private security

Higher Cause by John Hunt

This review is part of a series covering each installment of the serialized novel Higher Cause, written by John Hunt and published by Laissez Faire Books. To catch up, start with the announcement, the book’s link-rich table of contents, and the first review.

Higher Cause by John Hunt

There are a lot of plot lines this week. Just about all the major players, in fact, make an appearance.

We visit the Marcos family, where things in Mexico have nearly reached a climax point, and so has the family dynamic.

Elisa, still arousing my suspicions, briefs Petur and paints a picture of dark clouds on the horizon.

Onbacher makes some headway, perhaps, in his search for the Bounty.

The council of oligarchs comes on stage for a short while.

Finally, we see where Jeff Baddori has ended up. There is the potential problem of logic in this part, because it raises some questions that will need some plausible answers. For now, though, it certainly intensifies things.

The three chapters this week bring us perspectives from all the important storylines. Each either establishes something important or moves the plot forward. Most leave the story dangling tantalizingly in the air, waiting for another chapter so we can see what comes next. It is this aspect of the book, the chapter endings, that stand out most. It is what the author has developed the most in his writing technique.

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Higher Cause by John Hunt

This review is part of a series covering each installment of the serialized novel Higher Cause, written by John Hunt and published by Laissez Faire Books. To catch up, start with the announcement, the book’s link-rich table of contents, and the first review.

Higher Cause by John Hunt

This week is more about setting things up than reaping payoffs. Onbacher proceeds with his plan to find the Bounty, but that is the only significant plot point in the three chapters. This is not to say that the chapters are skippable, because we catch glimpses of plots and machinations whose culminations will no doubt explode in future chapters, but we do get a little time to catch our breath. There have been some rather kinetic chapters of late, so like a symphony whose music is a contrast of louds and softs, and fasts and slows, and sharps and smooths, we catch our breath and proceed pianissimo, with perhaps one sequence as exception.

There are dark characters lurking on The Island. Hunt once again introduces things slowly, like a tease, as he should. The possibilities are numerous but over the course of the next few chapters we will no doubt start to narrow them down until we find out just what these people are up to.

It bears noting that there has been a lot of reliance on chance partial sightings, conversations improbably overheard, and the like. This technique can quicken the pulse and is often used to get a plot started, or to introduce a twist, but overuse wears out anything. I would hope not to see it used too much more.

We also revisit the Marcos family for another interaction between father and son, one that leaves us more engrossed than it found us. I will say that the removal of one character from the family scenario was a lost opportunity, but there is a hint that she may return. I really want to see more from them.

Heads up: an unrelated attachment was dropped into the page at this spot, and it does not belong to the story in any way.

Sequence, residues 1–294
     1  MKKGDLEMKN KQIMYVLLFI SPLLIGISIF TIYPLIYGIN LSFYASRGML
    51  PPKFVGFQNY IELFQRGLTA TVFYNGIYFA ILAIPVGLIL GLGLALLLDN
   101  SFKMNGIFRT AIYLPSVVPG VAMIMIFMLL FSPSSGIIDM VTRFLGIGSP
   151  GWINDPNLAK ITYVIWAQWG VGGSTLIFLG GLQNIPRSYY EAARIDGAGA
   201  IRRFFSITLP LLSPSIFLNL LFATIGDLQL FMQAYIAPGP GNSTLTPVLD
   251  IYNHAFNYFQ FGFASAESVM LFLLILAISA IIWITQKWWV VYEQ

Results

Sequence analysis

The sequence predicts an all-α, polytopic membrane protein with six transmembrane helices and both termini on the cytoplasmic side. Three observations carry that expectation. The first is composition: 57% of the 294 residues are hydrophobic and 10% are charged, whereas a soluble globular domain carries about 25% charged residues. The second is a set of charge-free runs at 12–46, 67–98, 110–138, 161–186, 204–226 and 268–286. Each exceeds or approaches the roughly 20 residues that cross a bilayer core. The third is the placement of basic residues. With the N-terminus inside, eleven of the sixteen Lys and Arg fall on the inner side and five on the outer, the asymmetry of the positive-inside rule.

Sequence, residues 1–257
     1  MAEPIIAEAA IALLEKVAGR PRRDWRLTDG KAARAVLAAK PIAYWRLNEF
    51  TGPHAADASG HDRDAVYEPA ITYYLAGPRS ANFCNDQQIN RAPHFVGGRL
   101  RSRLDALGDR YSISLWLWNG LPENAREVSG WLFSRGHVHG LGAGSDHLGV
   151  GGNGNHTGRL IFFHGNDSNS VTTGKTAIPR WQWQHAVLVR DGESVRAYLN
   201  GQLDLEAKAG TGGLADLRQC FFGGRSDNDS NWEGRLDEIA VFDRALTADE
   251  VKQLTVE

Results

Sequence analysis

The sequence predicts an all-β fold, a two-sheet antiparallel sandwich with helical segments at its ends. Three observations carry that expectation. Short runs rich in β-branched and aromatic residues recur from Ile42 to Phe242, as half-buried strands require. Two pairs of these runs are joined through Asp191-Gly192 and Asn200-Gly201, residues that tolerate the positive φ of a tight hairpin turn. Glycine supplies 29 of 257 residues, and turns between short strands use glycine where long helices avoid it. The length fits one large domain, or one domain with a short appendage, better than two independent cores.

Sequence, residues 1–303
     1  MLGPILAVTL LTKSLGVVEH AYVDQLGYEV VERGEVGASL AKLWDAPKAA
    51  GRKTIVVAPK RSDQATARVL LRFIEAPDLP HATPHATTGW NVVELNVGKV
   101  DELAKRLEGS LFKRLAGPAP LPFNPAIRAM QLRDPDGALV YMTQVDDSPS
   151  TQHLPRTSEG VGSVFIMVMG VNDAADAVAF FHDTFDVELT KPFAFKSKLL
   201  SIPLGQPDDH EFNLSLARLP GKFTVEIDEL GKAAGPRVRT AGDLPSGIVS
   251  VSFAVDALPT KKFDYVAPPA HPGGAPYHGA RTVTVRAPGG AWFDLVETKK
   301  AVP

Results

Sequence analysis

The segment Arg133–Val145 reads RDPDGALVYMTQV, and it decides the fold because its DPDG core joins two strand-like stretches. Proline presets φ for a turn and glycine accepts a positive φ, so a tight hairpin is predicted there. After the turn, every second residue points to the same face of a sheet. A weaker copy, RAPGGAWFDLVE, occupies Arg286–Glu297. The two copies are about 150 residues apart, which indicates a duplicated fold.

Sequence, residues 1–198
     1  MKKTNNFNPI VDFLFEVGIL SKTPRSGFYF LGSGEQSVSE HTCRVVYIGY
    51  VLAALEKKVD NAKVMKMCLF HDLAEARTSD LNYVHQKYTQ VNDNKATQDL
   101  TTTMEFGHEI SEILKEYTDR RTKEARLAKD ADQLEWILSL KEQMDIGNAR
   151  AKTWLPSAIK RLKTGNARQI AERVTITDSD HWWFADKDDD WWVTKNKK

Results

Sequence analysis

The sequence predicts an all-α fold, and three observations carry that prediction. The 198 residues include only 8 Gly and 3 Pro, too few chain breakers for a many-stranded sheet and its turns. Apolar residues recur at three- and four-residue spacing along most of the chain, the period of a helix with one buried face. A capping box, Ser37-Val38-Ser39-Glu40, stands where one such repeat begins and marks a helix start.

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Higher Cause by John Hunt

This review is part of a series covering each installment of the serialized novel Higher Cause, written by John Hunt and published by Laissez Faire Books. To catch up, start with the announcement, the book’s link-rich table of contents, and the first review.

Higher Cause by John Hunt

We cruise into chapters 30 and 31 with the most recent offering from Higher Cause. Both chapters take place on The Island. They deal with a couple of different strands of plot. A growing suspicion comes closer to being confirmed.

Enough time has passed to allow Petur and Jeff to fully recuperate from their injuries during the attack on the OTEC. Jeff makes a brief appearance before leaving for other areas of the globe as part of his investigations. Elisa, meanwhile, returns to The Island and Petur grows more and more smitten with her.

Elisa continues to dress as unattractively as she can manage, though Petur can see through it and is pretty sure she could be a knockout if she tried. On a couple of different occasions she is caught by surprise by Petur and quickly adjusts her appearance to minimize her appeal. The reasons for this are still unclear, but Petur has begun to wonder about it. This, coupled with another occurrence, makes me suspicious about her motives, although she has been nothing but helpful to Petur and The Island to date.

The alluring brunette whose pheromones have sunk hooks into Petur is seen again, and by now the faithful reader will probably have a good idea as to who she is. If my hypothesis is right, it only heightens my suspicions. It is a plot thread with a lot of promise.

All in all, another successful bit of work. There is, however, one thing that I have been waiting for and have seen little of so far. The Island seems to be functioning smoothly, with a freed economy that is beginning to heat up. However, there is little mention of how they handle the services that government keeps for itself. How are disputes resolved? How is punishment meted out? How are claims adjudicated? The question of security is not so pressing, because the world already has more private security than government cops, but the question of arbitration and enforcement is altogether different.

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